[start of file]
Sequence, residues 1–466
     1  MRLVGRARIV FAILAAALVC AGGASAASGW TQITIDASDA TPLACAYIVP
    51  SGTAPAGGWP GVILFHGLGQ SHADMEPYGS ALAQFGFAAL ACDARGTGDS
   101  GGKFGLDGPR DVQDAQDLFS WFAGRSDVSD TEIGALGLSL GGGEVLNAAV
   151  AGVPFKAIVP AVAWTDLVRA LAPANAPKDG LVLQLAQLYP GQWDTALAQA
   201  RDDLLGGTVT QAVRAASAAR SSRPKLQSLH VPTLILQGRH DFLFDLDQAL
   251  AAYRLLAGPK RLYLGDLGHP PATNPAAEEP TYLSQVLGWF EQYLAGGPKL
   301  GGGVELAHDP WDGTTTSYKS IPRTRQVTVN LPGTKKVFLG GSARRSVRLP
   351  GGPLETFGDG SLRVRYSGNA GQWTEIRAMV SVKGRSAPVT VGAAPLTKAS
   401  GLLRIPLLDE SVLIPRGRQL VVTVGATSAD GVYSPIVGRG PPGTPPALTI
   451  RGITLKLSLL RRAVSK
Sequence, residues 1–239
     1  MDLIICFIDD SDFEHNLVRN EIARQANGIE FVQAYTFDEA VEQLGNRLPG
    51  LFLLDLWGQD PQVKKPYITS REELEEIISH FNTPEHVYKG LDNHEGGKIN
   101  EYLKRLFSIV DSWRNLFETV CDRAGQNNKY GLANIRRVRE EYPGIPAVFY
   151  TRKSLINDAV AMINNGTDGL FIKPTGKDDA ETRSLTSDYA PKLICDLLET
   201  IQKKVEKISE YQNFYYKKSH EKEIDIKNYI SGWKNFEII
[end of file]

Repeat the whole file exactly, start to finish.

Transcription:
Sequence, residues 1–466
     1  MRLVGRARIV FAILAAALVC AGGASAASGW TQITIDASDA TPLACAYIVP
    51  SGTAPAGGWP GVILFHGLGQ SHADMEPYGS ALAQFGFAAL ACDARGTGDS
   101  GGKFGLDGPR DVQDAQDLFS WFAGRSDVSD TEIGALGLSL GGGEVLNAAV
   151  AGVPFKAIVP AVAWTDLVRA LAPANAPKDG LVLQLAQLYP GQWDTALAQA
   201  RDDLLGGTVT QAVRAASAAR SSRPKLQSLH VPTLILQGRH DFLFDLDQAL
   251  AAYRLLAGPK RLYLGDLGHP PATNPAAEEP TYLSQVLGWF EQYLAGGPKL
   301  GGGVELAHDP WDGTTTSYKS IPRTRQVTVN LPGTKKVFLG GSARRSVRLP
   351  GGPLETFGDG SLRVRYSGNA GQWTEIRAMV SVKGRSAPVT VGAAPLTKAS
   401  GLLRIPLLDE SVLIPRGRQL VVTVGATSAD GVYSPIVGRG PPGTPPALTI
   451  RGITLKLSLL RRAVSK
Sequence, residues 1–239
     1  MDLIICFIDD SDFEHNLVRN EIARQANGIE FVQAYTFDEA VEQLGNRLPG
    51  LFLLDLWGQD PQVKKPYITS REELEEIISH FNTPEHVYKG LDNHEGGKIN
   101  EYLKRLFSIV DSWRNLFETV CDRAGQNNKY GLANIRRVRE EYPGIPAVFY
   151  TRKSLINDAV AMINNGTDGL FIKPTGKDDA ETRSLTSDYA PKLICDLLET
   201  IQKKVEKISE YQNFYYKKSH EKEIDIKNYI SGWKNFEII